This may be a very basic topic, but it turned out to be very useful for people who are just starting to delve into version control software.
Just a quick overview from
What is “version control”, and why should you care? Version control is asystem that records changes to a file or set of files over time so thatyou can recall specific versions later. For the examples in this book,you will use software source code as the files being version controlled,though in reality you can do this with nearly any type of file on acomputer.
If you are a graphic or web designer and want to keep every version of an image or layout (which you would most certainly want to), a Version Control System (VCS) is a very wise thing to use. It allows you to revert selected files back to a previous state, revert the entire project back to a previous state, compare changes over time, see who last modified something that might be causing a problem, who introduced an issue and when, and more. Using a VCS also generally means that if you screw things up or lose files, you can easily recover. In addition, you get all this for very little overhead.
Now we can go back to the practical side of it on how to install it.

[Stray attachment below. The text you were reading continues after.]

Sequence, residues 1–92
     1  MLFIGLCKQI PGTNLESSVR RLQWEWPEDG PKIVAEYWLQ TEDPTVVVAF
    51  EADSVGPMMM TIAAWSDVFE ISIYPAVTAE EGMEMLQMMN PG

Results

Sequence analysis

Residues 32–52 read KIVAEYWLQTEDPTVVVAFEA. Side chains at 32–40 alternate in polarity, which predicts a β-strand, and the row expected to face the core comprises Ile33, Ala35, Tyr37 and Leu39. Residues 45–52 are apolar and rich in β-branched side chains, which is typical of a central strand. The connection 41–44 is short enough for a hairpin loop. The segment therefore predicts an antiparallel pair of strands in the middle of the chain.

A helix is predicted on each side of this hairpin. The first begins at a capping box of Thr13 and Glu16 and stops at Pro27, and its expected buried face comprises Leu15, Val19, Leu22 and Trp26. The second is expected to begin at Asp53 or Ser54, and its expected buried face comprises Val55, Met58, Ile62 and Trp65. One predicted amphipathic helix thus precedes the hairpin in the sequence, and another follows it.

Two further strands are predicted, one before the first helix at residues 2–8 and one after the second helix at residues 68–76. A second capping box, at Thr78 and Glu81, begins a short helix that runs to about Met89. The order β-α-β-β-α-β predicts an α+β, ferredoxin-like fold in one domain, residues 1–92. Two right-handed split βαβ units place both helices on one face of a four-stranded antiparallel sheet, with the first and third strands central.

If you’re on Windows, the simplest thing to do is just head on to this link and download latest version of Git exe file.
Run the exe and follow the instructions, then you’re done.
While it’s outside the scope of this post, you can also install Git from Visual Studio by checking the options when you install it. My personal preference though is to install Git separately and you can still access it from Visual Studio.
macOS (or Linux)
For Mac users, by default, you already have Git installed in your system, you just need to access it from the Terminal. The most common issue is the version of Git that’s installed is not the latest one. It’s certainly not a big issue if you’re just starting, but if you want to keep updating your Git to the latest version, you need to install your own.
You can check which version of Git you have by typing the following command in Terminal:
You can certainly download your own Git from as well, but I think the best way to do it is to install it using Homebrew package manager for macOS (or Linux).
Just install it from the Terminal by copying the command line on their page by clicking the notepad icon on the right. Then you can paste that command on your Terminal.
Once you have Homebrew installed, you can open your Terminal and type the following:
brew install git
You can run the command line again to verify if your default Git is replaced with the latest version that was installed from Homebrew:
Now you’re almost ready to use Git. Check on how to do a basic configuration in Git before we can use it.
Basic Configuration in Git
How to Use Your Favorite Text Editor in Git
Pro Git (FREE eBook)
Homebrew The Missing Package Manager for macOS (or Linux)
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